In 1872 the American merchant vessel Mary Celeste was discovered adrift off the coast of Spain. Her cargo was intact and there was no sign of struggle, but the crew was gone. They were never found.
This maritime mystery lies at the center of an intricate narrative branching through the highest levels of late-nineteenth-century literary society in Valerie Martin's novel, The Ghost of the Mary Celeste.
The past fifteen thousand years--the entire span of human civilization--have witnessed dramatic sea level changes, which began with rapid global warming at the end of the Ice Age, when sea levels were more than 700 feet below modern levels. Over the next eleven millennia, the oceans climbed in fits and starts. These rapid changes had little effect on those humans who experienced them, partly because there were so few people on earth, and also because they were able to adjust readily to new coastlines.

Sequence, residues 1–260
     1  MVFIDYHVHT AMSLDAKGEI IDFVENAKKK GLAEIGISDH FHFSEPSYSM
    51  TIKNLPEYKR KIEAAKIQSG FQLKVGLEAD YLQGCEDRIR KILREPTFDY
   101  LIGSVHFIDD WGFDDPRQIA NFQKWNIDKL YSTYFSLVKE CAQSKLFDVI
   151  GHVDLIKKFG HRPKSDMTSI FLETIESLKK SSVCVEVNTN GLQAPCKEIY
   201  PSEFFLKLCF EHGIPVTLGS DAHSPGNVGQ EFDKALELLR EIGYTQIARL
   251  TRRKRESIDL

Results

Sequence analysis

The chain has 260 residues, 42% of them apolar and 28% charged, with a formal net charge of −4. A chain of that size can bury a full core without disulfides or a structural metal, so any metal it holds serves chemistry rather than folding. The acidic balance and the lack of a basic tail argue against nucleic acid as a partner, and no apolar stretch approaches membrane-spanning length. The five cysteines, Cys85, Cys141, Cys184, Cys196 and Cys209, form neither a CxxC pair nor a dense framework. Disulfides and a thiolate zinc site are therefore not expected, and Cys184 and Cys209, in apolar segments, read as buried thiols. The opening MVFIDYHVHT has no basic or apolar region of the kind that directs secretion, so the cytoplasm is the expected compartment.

When Clive Cussler published his first novel, The Mediterranean Caper, in 1973, he knew he didn’t want to write a familiar kind of character – no spy or detective or undercover investigator – his hero would have grand adventures set on or under water. Cussler named him Dirk Pitt, and his organization the National Underwater and Marine Agency, or NUMA – and a beloved literary series character was born.